Kolehouse emphasized his willingness to help, noting he had a “team of organizers ready to help and assist with building systems, scripts, call procedures, data tracking and anything else you need.”
Taverna on March 26 noted the department’s staff was working to volunteer and help organize contact tracing at local health departments but might need help organizing public volunteers to do the same.
“I will keep you posted as quickly as I can as the plan and needs develop,” Taverna wrote. “Again, deeply appreciate your willingness to jump in during the crisis and I’ll let you know when there’s a good place to plug in.”
On March 27 — the same day Kolehouse took to Facebook to say he hoped Trump contracted COVID-19 — Kolehouse noted in an email to Taverna that he had seven managers “all capable of managing, training, trackoing (sic) large number of volunteers ready to go.”
He offered help “to outline the structure of the program.” Macomber appeared to take him up on that offer March 31, scheduling a call with him and his director of operations for the next day.
Minutes after scheduling the meeting, Macomber sent a summary of the department's contact tracing activities for a meeting with Gordon, noting the Department of Health and Human Services had drafted training plans for public volunteers.
“The training and legal certifications are being built in MITRAIN and there are collaborations occurring with Kolehouse Strategies to manager (sic) the volunteers (shifts, assignments, etc.),” Macomber wrote.
More than two weeks later, on April 17, Taverna informed Whitmer’s Communications Director Zack Pohl and Deputy Communications Director Eileen Belden of an “alternative organization agreement” for the contract.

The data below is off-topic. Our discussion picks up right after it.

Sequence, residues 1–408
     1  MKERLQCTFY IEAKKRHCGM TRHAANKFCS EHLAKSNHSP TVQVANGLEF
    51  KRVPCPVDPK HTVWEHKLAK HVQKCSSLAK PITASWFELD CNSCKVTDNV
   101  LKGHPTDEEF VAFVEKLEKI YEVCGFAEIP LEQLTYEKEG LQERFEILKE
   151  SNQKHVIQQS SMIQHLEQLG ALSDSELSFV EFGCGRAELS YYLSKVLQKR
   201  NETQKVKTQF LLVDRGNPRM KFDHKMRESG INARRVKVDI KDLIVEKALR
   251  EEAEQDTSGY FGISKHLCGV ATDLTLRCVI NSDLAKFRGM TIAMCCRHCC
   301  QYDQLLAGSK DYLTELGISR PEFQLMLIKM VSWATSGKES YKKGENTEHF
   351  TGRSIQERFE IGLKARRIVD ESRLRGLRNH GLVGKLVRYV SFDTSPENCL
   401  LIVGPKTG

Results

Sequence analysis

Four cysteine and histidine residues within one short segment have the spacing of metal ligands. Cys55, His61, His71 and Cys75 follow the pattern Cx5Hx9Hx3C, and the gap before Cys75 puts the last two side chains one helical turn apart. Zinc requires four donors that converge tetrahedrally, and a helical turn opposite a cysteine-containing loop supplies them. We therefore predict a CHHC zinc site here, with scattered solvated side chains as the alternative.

The alternative agreement largely swapped out in the contract language the more politically connected K2K Consultants and Kolehouse Strategies with Great Lakes Community Engagement, which serves nonprofit and corporate clients with the same staff as K2K and Kolehouse Strategies.
K2K has done consulting or canvassing work for the Senate Democratic Fund, 2018 Democratic gubernatorial candidate Shri Thanedar, the 2018 redistricting reform ballot campaign called Voters Not Politicians, and Fair and Equal Michigan, according to campaign finance disclosures.
The contact tracing contract also would include Every Action VAN, a data platform used by nonprofits, but associated with NGP VAN, a separate data platform used by Democratic campaigns.
As Whitmer moved to cancel the contract April 21, Macomber told a supervisor that she learned about the company through Taverna. Macomber indicated that Taverna may have been connected to Kolehouse’s firm through “Mayor Duggan,” apparently confusing the mayor with his son.
Initially, the Department of Health and Human Services refused to release to The News the names of the employees associated with the contract. When The News reported the refusal on April 24, the department changed course and director Gordon identified Taverna, Macomber, Coyle and state epidemiologist Sarah Lyon-Callo at 11 p.m.
The News submitted public records requests for the employees' emails the next day, on April 25, and was granted those requests Wednesday, more than two months later.